• OLS: ~ 1200!
• OLS w/ HAC standard errors: ~ 450
• WLS: ~ 250
It would seem that only the WLS has the expected amount of type I error.  Not surprisingly, OLS is in bad shape.  To get even more information about the size properties, let's look at histograms of the p-values associated with the above tests.  If the test statistics were unbiased, then we should expect to find uniformly distributed p-values...

...and with OLS w/ HAC standard errors, and WLS we do find more or less uniformly distributed p-values.  OLS w/ HAC exhibits some very slight distortions...but these are nothing compared with OLS!

Finally, let's look at the power of the standard hypothesis test (i.e., type II error). Below I plot the power curves using the various flavors of standard errors.  What are we looking for in this plot? Two things.  First, a hypothesis test with good size properties should obtain a minimum value of 0.05 (for a two-tailed test) at the true value of β=1.  Second, the power curve should be relatively narrow.  The wider the power curve, the lower is the probability of correctly rejecting a false null hypothesis (i.e., the higher is the type II error).

Unsurprising conclusion of this comparison: if you are going to invest the 3.5 days necessary to obtain the true variance function, then you should use it when estimating your regression.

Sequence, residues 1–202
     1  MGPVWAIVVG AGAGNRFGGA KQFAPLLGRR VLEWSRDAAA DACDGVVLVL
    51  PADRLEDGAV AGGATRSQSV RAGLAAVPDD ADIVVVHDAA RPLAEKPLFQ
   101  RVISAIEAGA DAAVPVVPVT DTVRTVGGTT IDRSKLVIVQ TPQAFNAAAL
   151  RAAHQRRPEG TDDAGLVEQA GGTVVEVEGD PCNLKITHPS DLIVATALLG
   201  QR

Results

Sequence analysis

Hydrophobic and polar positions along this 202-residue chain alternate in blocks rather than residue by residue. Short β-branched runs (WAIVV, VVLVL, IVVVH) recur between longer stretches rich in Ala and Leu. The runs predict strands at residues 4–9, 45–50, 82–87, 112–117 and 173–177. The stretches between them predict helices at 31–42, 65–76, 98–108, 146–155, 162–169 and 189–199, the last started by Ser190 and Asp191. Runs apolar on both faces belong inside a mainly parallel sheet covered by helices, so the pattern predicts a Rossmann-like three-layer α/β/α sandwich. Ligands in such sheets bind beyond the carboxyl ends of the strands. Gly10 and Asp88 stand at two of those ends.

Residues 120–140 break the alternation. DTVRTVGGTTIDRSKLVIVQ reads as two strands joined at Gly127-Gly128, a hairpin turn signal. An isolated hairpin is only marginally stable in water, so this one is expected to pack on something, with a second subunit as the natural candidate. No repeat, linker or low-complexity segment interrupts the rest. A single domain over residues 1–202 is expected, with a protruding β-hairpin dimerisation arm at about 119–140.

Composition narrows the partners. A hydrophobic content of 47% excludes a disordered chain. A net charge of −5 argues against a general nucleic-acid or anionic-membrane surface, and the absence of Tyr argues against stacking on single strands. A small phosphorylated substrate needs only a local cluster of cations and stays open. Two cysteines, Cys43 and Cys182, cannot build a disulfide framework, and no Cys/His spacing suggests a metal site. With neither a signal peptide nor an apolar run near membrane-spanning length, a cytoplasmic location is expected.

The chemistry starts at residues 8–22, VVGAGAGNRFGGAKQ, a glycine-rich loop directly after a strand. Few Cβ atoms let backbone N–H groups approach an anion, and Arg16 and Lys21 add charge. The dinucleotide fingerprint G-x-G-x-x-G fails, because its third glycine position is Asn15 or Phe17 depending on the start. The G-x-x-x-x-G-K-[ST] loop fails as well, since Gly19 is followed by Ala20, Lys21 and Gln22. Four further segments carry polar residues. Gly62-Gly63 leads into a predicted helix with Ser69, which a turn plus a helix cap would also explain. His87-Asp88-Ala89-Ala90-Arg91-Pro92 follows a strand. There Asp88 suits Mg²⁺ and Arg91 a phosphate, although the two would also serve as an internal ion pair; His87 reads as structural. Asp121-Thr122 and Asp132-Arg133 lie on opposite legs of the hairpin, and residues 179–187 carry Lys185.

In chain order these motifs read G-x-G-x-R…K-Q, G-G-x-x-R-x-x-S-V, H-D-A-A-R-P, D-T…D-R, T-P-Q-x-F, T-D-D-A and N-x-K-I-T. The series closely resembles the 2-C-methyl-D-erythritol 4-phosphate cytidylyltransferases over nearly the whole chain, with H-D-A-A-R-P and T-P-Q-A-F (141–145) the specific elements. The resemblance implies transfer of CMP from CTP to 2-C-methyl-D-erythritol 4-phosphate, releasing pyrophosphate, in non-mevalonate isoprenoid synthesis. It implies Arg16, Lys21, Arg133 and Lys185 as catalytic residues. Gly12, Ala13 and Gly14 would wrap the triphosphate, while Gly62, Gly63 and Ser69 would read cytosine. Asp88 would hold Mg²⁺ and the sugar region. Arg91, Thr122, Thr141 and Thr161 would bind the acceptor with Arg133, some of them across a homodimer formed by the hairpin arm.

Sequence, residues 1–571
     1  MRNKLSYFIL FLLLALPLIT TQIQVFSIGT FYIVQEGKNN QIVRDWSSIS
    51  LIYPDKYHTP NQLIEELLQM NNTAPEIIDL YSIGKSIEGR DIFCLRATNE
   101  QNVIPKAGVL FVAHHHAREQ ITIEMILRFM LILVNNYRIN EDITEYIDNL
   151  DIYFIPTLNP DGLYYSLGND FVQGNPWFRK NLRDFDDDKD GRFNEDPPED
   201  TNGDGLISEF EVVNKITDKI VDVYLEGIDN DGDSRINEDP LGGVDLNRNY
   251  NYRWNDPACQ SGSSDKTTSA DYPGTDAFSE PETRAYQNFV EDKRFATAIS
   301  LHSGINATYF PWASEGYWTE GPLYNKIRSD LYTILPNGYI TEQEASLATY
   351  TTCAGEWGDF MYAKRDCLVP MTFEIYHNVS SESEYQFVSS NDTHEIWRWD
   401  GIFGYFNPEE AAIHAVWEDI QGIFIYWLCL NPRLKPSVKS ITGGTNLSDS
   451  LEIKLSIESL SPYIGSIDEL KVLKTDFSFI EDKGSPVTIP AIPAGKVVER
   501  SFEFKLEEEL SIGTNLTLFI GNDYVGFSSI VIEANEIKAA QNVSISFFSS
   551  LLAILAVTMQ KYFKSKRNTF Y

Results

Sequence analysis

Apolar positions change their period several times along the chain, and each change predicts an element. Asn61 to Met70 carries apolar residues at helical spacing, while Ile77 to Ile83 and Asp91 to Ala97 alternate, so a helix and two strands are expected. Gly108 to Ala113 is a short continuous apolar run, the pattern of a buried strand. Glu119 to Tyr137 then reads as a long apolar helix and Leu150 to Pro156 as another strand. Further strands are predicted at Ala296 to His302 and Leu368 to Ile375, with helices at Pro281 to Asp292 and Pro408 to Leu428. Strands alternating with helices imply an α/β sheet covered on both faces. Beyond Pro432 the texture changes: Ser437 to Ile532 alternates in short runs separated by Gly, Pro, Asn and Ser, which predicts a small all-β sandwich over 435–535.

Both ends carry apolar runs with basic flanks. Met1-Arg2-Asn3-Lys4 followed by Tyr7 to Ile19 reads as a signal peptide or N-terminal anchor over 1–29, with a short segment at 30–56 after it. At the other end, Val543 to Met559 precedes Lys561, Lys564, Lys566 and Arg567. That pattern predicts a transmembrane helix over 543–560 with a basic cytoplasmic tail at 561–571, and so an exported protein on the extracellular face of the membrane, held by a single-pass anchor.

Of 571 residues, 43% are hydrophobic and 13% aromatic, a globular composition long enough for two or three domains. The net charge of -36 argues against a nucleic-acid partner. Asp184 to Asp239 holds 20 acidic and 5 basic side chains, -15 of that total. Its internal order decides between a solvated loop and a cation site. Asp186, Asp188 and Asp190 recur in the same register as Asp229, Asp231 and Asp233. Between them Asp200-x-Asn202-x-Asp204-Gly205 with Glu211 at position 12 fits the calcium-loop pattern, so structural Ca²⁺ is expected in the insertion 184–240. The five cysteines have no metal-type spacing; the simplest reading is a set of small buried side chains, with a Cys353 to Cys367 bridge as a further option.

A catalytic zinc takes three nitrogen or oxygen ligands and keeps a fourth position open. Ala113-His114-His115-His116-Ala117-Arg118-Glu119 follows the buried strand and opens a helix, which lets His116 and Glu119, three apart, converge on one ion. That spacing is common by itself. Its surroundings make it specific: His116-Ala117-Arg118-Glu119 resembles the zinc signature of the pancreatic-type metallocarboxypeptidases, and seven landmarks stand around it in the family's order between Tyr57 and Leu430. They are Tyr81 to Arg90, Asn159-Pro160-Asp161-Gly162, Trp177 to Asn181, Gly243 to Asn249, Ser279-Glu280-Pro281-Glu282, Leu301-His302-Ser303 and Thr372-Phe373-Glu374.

Comparison #2 (OLS, OLS w/ HAC Std. Errors, FGLS, and WLS (npreg): Now suppose that you do not know the true form of the variance function but wish to estimate it from the data.  This simulation sets the sample size to n=100 and regresses y on x (where x is given by DGP # 1) 5000 times while capturing the parameter estimate for the coefficient on x using OLS, FGLS, and WLS (npreg) and the various flavours of the standard errors.  Feasible Generalised Least Squares (FGLS) estimates the true variance function from the data by linearly regressing the log of the squared OLS residuals on x and using the fitted values as the estimate of the variance function. WLS (npreg) estimates the variance function using the fitted values from a non-parametric regression of the log of the squared OLS residuals on x (see Cosma Shalizi's lecture 5 notes for details).
While all three estimators appear to be unbiased, the FGLS and WLS (npreg) estimators estimate the unknown variance function (OLS does not) and thus the variance of these estimators is much smaller.

Again, consider the size and power of the standard hypothesis. How many rejections of the null hypothesis of β=1 do we actually observe?
• OLS: ~1200!
• OLS w/ HAC standard errors: ~ 400
• WLS (npreg): ~ 600
• FGLS: ~ 300
FGLS would seem to perform the best (in a relative sense), however all four procedures have excessive type I error.  They all reject a true null hypothesis too frequently.  I was expecting the size properties of the WLS (npreg) estimator to be superior to those of the FGLS estimator.  Could ye old trade-off between bias and variance.  Given that the true variance process is roughly linear for DGP #1 the bias introduced by using FGLS should be pretty small.  I also just used the default bandwidth for npreg() in my R code.  Perhaps I should have spent more time trying to optimize the bandwidth (if default bandwidth too high, then npreg() is overfitting, which should lead to higher variance in the WLS (npreg) estimator).  Also, perhaps if I had implemented in iterative procedure to estimate the variance function using the non-parametric regression technique, WLS (npreg) would outperform FGLS.  Any thoughts/ideas from readers would be welcome.